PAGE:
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Boris Johnson to reveal final Brexit plan



British PM Boris Johnson addressing about Brexit

Boris Johnson will finally unveil his detailed plan for Brexit to EU leaders within the next 24 hours, The Daily Telegraph can disclose.

Downing Street will set out the Prime Minister’s preferred alternative to the Irish backstop in a series of calls to EU capitals ahead of a formal text being delivered to Brussels after his speech to the Conservative Party conference on Wednesday.

Senior sources with knowledge of the UK proposals confirmed reports that it would require a customs border to be created in Ireland, but with technology to smooth the movement of goods between north and south.

The plan is expected to be based on the creation of an all-Ireland “economic zone” which would allow agricultural and food products to move between Northern Ireland and the Republic of Ireland without checks at the border, the report said.

Mr Johnson says that he would prefer leaving with a deal.

At the Conservative Party conference on Monday, he said: “I’m cautiously optimistic. We have made some pretty big moves, we are waiting to see whether our European friends will help us and whether we can find the right landing zone.”

MPs have passed a law requiring Mr Johnson to seek an extension to the deadline from the bloc if he is unable to pass a deal in Parliament, or get MPs to approve a no-deal Brexit, by 19 October.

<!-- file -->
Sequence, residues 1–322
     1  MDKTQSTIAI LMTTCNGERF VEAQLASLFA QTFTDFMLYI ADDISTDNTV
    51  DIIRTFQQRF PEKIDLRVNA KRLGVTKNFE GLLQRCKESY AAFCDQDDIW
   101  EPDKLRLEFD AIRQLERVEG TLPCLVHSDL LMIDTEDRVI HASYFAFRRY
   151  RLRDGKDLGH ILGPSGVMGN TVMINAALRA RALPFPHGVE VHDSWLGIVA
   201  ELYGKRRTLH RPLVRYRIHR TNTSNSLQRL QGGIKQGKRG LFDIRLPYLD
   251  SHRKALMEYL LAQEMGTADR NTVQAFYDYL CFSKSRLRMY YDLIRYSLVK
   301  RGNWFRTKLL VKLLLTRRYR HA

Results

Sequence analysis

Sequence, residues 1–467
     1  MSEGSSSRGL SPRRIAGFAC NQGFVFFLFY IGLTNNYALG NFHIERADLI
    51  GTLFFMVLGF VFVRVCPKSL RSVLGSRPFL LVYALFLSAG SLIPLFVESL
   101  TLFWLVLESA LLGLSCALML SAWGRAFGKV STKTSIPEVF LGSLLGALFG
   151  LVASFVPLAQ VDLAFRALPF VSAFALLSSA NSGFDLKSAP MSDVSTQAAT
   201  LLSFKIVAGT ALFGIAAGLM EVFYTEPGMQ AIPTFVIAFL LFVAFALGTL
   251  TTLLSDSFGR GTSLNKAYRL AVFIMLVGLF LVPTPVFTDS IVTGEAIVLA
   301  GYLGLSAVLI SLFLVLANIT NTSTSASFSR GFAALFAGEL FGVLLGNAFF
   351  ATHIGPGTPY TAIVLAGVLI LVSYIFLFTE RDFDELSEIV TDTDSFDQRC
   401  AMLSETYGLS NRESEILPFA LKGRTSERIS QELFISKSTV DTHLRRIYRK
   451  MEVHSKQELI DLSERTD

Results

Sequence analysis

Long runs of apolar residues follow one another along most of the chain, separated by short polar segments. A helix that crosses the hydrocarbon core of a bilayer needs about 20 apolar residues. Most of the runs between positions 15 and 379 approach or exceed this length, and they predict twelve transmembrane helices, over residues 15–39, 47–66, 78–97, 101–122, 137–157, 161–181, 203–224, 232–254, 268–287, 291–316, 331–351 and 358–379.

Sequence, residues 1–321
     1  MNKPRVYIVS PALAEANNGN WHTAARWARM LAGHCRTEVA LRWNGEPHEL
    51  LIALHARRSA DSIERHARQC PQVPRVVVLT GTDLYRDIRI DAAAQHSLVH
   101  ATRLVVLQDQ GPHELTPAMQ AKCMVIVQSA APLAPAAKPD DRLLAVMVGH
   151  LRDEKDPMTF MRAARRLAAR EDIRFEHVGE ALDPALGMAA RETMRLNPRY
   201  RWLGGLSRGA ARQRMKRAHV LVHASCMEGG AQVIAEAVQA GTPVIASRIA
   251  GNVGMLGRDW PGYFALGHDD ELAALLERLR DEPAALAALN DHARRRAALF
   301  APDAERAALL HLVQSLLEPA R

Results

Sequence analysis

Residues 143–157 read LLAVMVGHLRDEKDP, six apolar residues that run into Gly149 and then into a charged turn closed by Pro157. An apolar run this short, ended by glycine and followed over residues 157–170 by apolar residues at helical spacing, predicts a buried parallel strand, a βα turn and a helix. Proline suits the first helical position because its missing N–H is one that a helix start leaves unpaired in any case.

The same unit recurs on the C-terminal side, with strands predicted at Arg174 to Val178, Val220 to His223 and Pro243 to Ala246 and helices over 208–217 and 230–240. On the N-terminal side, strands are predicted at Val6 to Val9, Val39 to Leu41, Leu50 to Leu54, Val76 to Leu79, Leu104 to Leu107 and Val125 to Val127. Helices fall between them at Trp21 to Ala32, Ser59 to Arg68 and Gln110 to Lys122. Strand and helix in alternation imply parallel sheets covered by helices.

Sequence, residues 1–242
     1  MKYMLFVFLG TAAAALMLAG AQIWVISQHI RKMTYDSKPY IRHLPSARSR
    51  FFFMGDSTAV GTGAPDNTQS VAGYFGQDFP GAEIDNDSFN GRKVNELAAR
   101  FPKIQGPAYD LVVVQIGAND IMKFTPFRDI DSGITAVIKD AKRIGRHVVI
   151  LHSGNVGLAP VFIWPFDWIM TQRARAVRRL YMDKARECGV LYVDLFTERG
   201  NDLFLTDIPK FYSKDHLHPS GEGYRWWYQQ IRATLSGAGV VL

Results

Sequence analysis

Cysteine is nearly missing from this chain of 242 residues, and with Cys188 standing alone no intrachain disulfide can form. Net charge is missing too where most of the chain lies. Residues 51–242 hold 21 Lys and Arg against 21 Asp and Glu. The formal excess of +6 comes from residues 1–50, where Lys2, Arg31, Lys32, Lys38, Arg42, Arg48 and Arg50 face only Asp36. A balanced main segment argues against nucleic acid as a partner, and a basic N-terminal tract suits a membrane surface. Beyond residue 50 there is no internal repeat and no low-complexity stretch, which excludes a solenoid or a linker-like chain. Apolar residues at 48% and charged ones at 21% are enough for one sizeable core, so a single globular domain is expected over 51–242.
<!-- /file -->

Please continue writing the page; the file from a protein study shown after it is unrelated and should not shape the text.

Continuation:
The biggest obstacle to a deal is the backstop – the plan to prevent a hard border between Northern Ireland and the Irish Republic.

Since becoming prime minister, Mr Johnson has stressed to EU leaders the backstop would have to be replaced if any deal was to be passed by Parliament.

Mr Johnson has argued that the backstop would keep the UK too closely aligned with EU rules after Brexit.

Talks have continued between the UK and EU, at a technical level. Brexit Secretary Stephen Barclay and the EU’s chief negotiator, Michel Barnier met.

Customs formalities would be carried out mostly where goods originate or at their final destination.

The UK government maintains that any further customs inspections would be very limited – and these could be conducted either at new locations or at existing business premises.

The Irish broadcaster RTE had reported that a “string of customs posts perhaps five to 10 miles away from the frontier” had been floated by the UK.

However, government sources have denied that UK officials had proposed a series of inspection posts on either side of the Irish border.

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